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[430] to Rosecrans's safety — in fact, this was not in the line of his prescribed duty — but proceeded promptly and vigorously to complete the recovery of East Tennessee. To this end, he impelled1 Gen. Shackleford directly on the rear of Cumberland gap; on which Gen. De Courcy simultaneously advanced from London on the north; Burnside following in person two days behind Shackleford, who made a forced march of 60 miles in 52 hours, and thus closed in Gen. Frazier, who with four regiments held the gap, and had refused to quit it while he could, supposing himself able to hold it. But his men were in good part disaffected or discouraged, while the mill whereon he depended for flour was burned2 by two companies of Shackleford's men, who crept through his lines and fired it unperceived. When Burnside arrived,3 Frazier had refused our summons; but he found, soon afterward, good reason to change his mind, and surrendered his 2,000 men and 14 guns. Our cavalry moved thence rapidly eastward; chasing off a small Rebel force under Sam Jones into Virginia, destroying the principal railroad bridges, and completing the recovery of East Tennessee, with the direct loss, in Burnside's command, of barely one man.

Halleck says he now ordered Burnside to concentrate his army on the Tennessee river westward from Loudon, so as to connect with Rosecrans, who had just reached Chattanooga, and that “it was hoped that there would be no further delay in effecting a junction between the two armies, as had been previously ordered.” The military reading of the General-in-Chief having been very extensive, he can probably cite numerous instances wherein the leader of a small army has made haste to unite that army with a large one, which would necessarily absorb it, without having been placed under the orders of its commander but, in the recollection of this writer, such instances are rare. At all events, Burnside did not add another, but continued to diffuse his command throughout East Tennessee, until it had been beaten out very thin, and was thus exposed to be cut up in detail. Col. Foster, in the far east, after one skirmish4 near Bristol, was sharply assailed5 at Blue Springs by Sam Jones, whom he defeated, after two days desultory fighting; talking 150 prisoners and disabling at least that number, with a loss to our side of barely 100.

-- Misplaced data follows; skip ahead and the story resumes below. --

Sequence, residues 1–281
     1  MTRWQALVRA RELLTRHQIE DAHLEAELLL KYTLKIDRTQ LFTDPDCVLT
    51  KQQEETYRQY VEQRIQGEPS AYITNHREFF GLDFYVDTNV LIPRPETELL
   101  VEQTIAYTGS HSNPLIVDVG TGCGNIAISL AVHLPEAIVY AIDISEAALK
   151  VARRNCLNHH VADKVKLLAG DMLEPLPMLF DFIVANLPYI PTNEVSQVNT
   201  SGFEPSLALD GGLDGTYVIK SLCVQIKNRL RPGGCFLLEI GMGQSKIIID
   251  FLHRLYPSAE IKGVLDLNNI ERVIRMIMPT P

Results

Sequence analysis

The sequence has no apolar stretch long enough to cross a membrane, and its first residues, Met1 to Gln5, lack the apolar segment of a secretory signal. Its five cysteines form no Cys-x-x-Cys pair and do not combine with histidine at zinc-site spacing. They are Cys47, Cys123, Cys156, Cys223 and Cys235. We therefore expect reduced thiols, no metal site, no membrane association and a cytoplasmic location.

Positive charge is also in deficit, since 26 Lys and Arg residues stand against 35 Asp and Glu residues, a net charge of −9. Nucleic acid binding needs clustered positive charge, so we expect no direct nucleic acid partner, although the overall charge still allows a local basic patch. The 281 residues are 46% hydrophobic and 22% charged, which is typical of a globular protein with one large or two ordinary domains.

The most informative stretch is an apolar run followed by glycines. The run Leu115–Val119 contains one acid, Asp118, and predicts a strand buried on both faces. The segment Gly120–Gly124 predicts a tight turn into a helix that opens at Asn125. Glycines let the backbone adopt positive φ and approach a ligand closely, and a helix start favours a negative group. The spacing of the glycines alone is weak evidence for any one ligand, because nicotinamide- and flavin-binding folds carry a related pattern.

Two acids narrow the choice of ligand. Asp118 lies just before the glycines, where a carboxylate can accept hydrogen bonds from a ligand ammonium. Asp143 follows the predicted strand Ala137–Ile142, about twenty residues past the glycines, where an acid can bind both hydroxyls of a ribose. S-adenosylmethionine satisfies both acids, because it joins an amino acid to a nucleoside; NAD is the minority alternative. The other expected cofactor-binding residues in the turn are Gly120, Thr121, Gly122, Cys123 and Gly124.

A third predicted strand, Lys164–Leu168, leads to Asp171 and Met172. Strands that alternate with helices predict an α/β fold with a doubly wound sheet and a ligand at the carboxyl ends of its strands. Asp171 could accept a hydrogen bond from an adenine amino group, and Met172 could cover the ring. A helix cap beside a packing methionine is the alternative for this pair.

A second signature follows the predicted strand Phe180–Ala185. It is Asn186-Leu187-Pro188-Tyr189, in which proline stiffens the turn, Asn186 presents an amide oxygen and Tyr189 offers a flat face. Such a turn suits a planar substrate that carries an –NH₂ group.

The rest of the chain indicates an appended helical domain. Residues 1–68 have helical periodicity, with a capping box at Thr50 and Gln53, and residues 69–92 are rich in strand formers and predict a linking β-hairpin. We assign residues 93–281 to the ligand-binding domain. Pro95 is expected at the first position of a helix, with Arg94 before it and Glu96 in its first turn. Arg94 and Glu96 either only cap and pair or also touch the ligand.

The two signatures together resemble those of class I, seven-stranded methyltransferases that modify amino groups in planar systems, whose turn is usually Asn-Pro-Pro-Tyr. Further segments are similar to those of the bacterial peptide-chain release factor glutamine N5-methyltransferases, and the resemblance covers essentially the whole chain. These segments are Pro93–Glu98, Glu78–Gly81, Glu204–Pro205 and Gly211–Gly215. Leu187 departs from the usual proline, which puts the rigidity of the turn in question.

Shackleford now took post at Jonesboroa, with a part of his command, under Wilcox, at Greenville, with two regiments and a battery, under Col. Israel Garrard, 7th Ohio cavalry, at Rogersville, where they were attacked6 by 1,200 mounted men under Brig.-Gen. W. E. Jones, acting under the orders of Maj.-Gen. Sam Jones, who struck them at day-light, surprising and easily routing them with a loss of 4 guns, 36 wagons, and 750 prisoners, and creating such a panic at Jonesborough and Greenville that Shackleford's men raced back to Bull's gap, 18 miles, while Jones and his party were making equally good time in the opposite direction, fearing that Shackleford would be upon them in overwhelming force if they did not. This back-to-back

1 Sept. 5.

2 Sept. 7.

3 Sept. 9.

4 Sept. 21.

5 Oct. 10.

6 Nov. 6.

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